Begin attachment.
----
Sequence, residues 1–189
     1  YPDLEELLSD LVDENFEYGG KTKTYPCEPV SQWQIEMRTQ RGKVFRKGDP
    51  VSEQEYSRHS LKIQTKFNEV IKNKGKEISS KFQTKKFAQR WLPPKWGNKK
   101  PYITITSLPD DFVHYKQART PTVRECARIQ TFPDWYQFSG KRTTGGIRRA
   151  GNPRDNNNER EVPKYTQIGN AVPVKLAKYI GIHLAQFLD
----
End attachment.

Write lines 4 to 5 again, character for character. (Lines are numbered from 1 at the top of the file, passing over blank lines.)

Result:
   101  PYITITSLPD DFVHYKQART PTVRECARIQ TFPDWYQFSG KRTTGGIRRA
   151  GNPRDNNNER EVPKYTQIGN AVPVKLAKYI GIHLAQFLD